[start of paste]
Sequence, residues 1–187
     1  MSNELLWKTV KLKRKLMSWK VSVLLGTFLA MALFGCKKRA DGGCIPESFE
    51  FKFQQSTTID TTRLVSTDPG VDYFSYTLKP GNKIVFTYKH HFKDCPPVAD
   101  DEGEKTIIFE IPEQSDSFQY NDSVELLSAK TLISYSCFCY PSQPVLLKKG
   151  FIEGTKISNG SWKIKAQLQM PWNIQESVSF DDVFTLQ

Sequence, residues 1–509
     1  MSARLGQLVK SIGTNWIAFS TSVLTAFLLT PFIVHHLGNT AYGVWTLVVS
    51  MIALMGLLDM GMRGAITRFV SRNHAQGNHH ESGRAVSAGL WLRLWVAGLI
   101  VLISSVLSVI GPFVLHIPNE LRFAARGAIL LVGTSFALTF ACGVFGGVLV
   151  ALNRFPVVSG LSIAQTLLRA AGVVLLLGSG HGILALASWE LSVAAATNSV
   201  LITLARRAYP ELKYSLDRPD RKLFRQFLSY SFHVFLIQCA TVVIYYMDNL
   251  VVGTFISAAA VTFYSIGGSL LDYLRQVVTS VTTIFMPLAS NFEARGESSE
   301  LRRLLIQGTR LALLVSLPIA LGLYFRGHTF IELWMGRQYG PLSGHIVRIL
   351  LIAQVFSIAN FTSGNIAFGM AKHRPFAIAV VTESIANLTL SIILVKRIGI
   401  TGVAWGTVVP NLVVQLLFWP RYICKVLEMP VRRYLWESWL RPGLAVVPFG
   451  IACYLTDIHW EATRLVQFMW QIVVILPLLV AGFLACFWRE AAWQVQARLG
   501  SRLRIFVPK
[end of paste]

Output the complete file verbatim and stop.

Sequence, residues 1–187
     1  MSNELLWKTV KLKRKLMSWK VSVLLGTFLA MALFGCKKRA DGGCIPESFE
    51  FKFQQSTTID TTRLVSTDPG VDYFSYTLKP GNKIVFTYKH HFKDCPPVAD
   101  DEGEKTIIFE IPEQSDSFQY NDSVELLSAK TLISYSCFCY PSQPVLLKKG
   151  FIEGTKISNG SWKIKAQLQM PWNIQESVSF DDVFTLQ

Sequence, residues 1–509
     1  MSARLGQLVK SIGTNWIAFS TSVLTAFLLT PFIVHHLGNT AYGVWTLVVS
    51  MIALMGLLDM GMRGAITRFV SRNHAQGNHH ESGRAVSAGL WLRLWVAGLI
   101  VLISSVLSVI GPFVLHIPNE LRFAARGAIL LVGTSFALTF ACGVFGGVLV
   151  ALNRFPVVSG LSIAQTLLRA AGVVLLLGSG HGILALASWE LSVAAATNSV
   201  LITLARRAYP ELKYSLDRPD RKLFRQFLSY SFHVFLIQCA TVVIYYMDNL
   251  VVGTFISAAA VTFYSIGGSL LDYLRQVVTS VTTIFMPLAS NFEARGESSE
   301  LRRLLIQGTR LALLVSLPIA LGLYFRGHTF IELWMGRQYG PLSGHIVRIL
   351  LIAQVFSIAN FTSGNIAFGM AKHRPFAIAV VTESIANLTL SIILVKRIGI
   401  TGVAWGTVVP NLVVQLLFWP RYICKVLEMP VRRYLWESWL RPGLAVVPFG
   451  IACYLTDIHW EATRLVQFMW QIVVILPLLV AGFLACFWRE AAWQVQARLG
   501  SRLRIFVPK